New York State Comptroller Thomas DiNapoli is offering to search the state’s unclaimed funds account to see if any of its nearly $12 billion belongs to Holocaust survivors or their heirs.
The money was in accounts that were turned over to the state by banks, brokerages and other financial institutions after years of inactivity. Some life insurance companies also turned over death benefits when they were unable to find the beneficiary.
DiNapoli’s offer comes at a time when Holocaust survivors continue to seek justice from European insurance companies they claim have refused to pay as much as $20 billion from Holocaust-era life insurance policies. An attempt by a specially created commission 15 years ago failed to resolve all but a handful of claims, and survivors have been thwarted in their attempts to sue insurance companies or to get Congress to enact legislation permitting them to sue.
In agreeing to help the survivors search the unclaimed funds account, DiNapoli said he hopes to reunite survivors and their heirs “with unclaimed funds that are rightfully theirs.” Bobby Brown, director of Project HEART, to which DiNapoli extended his offer, said he also plans to ask DiNapoli for his help in getting European life insurance companies to pay the death benefits of those killed by the Nazis.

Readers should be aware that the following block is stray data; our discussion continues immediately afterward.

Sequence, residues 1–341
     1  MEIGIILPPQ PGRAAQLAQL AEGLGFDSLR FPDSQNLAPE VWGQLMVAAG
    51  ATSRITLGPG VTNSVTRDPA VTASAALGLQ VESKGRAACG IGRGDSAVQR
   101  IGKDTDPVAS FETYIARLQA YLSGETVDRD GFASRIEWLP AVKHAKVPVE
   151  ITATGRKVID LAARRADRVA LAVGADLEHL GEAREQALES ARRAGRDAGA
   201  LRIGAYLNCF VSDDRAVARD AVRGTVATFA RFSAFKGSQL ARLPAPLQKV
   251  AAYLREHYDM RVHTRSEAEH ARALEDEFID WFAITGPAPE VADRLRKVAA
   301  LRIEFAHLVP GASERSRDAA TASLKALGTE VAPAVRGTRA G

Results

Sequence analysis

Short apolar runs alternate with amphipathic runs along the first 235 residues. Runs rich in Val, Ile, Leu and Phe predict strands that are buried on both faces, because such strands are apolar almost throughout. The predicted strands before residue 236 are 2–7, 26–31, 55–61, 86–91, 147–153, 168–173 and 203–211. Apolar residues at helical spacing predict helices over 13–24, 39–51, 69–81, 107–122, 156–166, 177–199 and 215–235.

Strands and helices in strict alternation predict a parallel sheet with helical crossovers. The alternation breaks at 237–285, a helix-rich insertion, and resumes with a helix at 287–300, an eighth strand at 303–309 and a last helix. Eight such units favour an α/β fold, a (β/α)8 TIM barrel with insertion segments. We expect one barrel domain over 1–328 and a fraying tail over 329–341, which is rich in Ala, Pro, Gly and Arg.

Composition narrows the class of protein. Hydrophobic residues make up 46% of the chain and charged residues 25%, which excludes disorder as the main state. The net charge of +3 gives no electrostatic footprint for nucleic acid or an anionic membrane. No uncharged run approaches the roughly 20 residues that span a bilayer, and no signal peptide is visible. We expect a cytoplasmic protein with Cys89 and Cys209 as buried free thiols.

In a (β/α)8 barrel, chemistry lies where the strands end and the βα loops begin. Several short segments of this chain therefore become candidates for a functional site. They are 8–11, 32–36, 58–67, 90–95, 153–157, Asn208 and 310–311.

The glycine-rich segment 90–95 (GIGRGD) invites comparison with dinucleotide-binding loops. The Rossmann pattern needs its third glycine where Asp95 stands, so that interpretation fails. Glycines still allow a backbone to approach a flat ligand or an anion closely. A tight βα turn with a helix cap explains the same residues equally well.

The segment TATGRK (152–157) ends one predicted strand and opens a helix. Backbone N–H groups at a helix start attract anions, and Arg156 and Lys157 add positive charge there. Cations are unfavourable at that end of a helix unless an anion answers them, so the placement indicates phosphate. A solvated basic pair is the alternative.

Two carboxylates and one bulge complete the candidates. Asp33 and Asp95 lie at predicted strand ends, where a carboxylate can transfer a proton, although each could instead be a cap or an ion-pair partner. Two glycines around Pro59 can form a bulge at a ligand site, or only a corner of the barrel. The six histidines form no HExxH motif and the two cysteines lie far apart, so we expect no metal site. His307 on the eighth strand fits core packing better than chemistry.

State Assemblyman Joseph Morelle, chair of the Assembly Committee on Insurance, said he plans to develop legislation that would compel European insurance companies to pay all Holocaust-era death benefits.
We welcome these and other initiatives that have recently been suggested. With survivors now in their 80s and 90s, it is imperative that all outstanding Holocaust-era insurance claims be resolved now. And it is fitting that New York State, which led the way in securing a negotiated settlement over Holocaust-era claims with Swiss banks, should be in the forefront of trying to resolve the insurance issue.
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